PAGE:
The assessment of potential landslide hazard refers to the stability of the present land surface. It does not encompass a consideration of the stability of new excavations.

Date: 23 June 2011 © NERC, 2011. All rights reserved.

Page: 16 of 25 BGS Report No: GR_999999/1

Geological map extracts This section provides an extract of the geology map around your site, taken from the BGS Digital Geological Map of Great Britain at 1:50 000 scale (DiGMapGB-50). This map shows the surface elements of the four main layers of geology that may be present in an area ­ artificial (man-made) deposits, landslide deposits, superficial deposits and bedrock. More information on DigMapGB-50 and how the various rock layers are classified can be found on the BGS website (www.bgs.ac.uk), under the DiGMapGB and BGS Rock Classification Scheme areas. Further descriptions of the rocks listed in the map keys can also be obtained by searching against the Computer Code in the BGS Lexicon of named Rock Units, which is also on the BGS Website, by following the `GeoData' link. The maps are labelled with the Computer Codes, with a dot at the bottom left hand corner of each label. However, please treat these labels with caution in areas of complex geology, where some labels may overlap several geological formations. If in doubt, please contact BGS Enquiries. The geological formations (and larger subdivisions, such as `groups') are listed in order of age in the map keys (with the youngest first). However, subdivisions within formations (`members' and `beds') may not be ordered by age. Combined `Surface Geology' Map This map shows the surface elements of all four geological layers.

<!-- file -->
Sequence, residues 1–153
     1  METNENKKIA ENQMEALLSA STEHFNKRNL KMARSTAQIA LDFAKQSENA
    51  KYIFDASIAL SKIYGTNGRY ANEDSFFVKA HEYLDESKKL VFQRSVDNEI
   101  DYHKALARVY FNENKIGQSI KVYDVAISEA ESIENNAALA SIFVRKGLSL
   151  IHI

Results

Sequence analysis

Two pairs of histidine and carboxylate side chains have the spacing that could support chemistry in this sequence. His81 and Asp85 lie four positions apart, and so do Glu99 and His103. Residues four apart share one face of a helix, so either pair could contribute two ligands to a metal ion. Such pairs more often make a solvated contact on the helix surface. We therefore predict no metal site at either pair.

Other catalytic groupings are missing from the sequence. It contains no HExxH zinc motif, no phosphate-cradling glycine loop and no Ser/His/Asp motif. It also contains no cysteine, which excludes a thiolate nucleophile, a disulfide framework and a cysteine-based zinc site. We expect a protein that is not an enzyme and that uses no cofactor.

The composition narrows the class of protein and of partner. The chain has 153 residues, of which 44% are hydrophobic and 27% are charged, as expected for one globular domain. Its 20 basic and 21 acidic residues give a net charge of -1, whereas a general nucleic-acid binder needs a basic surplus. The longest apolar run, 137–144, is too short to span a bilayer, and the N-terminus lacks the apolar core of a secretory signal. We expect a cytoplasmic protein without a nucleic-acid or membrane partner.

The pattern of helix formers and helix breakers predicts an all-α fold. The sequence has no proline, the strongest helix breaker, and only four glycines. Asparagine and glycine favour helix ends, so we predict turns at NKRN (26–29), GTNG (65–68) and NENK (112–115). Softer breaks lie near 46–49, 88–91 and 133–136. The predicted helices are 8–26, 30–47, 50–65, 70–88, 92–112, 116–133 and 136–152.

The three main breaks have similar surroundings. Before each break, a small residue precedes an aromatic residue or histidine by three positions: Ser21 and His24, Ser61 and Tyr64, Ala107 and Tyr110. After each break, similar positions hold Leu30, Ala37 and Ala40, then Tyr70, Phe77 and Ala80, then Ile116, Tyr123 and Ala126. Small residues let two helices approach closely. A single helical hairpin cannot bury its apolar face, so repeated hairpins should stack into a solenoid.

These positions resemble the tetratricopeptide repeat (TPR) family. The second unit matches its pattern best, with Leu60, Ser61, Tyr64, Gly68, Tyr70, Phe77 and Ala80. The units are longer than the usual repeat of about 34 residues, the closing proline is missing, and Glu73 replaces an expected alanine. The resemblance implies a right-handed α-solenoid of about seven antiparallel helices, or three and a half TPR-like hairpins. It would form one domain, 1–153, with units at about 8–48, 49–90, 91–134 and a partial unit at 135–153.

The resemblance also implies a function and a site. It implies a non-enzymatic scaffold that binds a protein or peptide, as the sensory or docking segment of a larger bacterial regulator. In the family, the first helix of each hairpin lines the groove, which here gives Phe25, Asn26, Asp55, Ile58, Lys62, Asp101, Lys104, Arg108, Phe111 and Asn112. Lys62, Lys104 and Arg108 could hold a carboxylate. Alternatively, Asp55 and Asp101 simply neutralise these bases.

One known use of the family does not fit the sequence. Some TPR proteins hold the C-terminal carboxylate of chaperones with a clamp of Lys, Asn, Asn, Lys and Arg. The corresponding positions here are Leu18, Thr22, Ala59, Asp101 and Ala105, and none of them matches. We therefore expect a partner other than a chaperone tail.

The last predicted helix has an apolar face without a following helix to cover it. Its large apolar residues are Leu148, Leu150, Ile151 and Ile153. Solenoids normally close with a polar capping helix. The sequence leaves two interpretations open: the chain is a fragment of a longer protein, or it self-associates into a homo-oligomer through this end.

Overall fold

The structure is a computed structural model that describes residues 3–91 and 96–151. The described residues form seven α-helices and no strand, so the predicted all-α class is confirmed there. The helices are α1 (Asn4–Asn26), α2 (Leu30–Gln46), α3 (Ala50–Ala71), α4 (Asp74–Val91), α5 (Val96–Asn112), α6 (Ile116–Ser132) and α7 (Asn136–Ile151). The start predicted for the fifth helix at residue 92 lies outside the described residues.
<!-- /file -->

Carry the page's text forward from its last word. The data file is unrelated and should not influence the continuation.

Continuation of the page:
This product includes mapping data licensed from Ordnance Survey. © Crown Copyright and/or database right 2011. Licence number 100037272

Scale: 1:25 000 (1cm = 250 m)

Search area indicated in red

Date: 23 June 2011 © NERC, 2011. All rights reserved. Page: 17 of 25 BGS Report No: GR_999999/1

Key to Artificial ground: No deposits found in the search area Key to Landslide deposits:

Map colour Computer Code

SLIP-UKNOWN

Rock name

LANDSLIDE DEPOSITS

Rock type

UNKNOWN/UNCLASSIFIED ENTRY

Key to Superficial deposits:

Map colour Computer Code

ALV-XCZSV HEAD-XCZSV

Name of geological unit

ALLUVIUM HEAD

Composition

CLAY, SILT, SAND AND GRAVEL CLAY, SILT, SAND AND GRAVEL

Key to Bedrock geology:

Map colour Computer Code

MT-SISD SG-SDST MG-MDSS EYL-LMST BLL-LMST BLLA-LMST BSG-MDST BSG-MDSS

Name of geological unit

MAM TOR BEDS SHALE GRIT MILLSTONE GRIT GROUP [SEE ALSO MIGR] EYAM LIMESTONE FORMATION BEE LOW LIMESTONE FORMATION BEE LOW LIMESTONES FORMATION (APRONREEF) BOWLAND SHALE FORMATION BOWLAND SHALE FORMATION

Rock type

SILTSTONE AND SANDSTONE SANDSTONE MUDSTONE, SILTSTONE AND SANDSTONE LIMESTONE LIMESTONE LIMESTONE MUDSTONE MUDSTONE, SILTSTONE AND SANDSTONE

Fault Coal, ironstone or other mineral vein Note: Faults and Coals, ironstone & mineral veins are shown for illustration and to aid interpretation of the map. Not all such features are shown and their absence on the map face does not necessarily mean that none are present

Date: 23 June 2011 © NERC, 2011. All rights reserved.

Page: 18 of 25 BGS Report No: GR_999999/1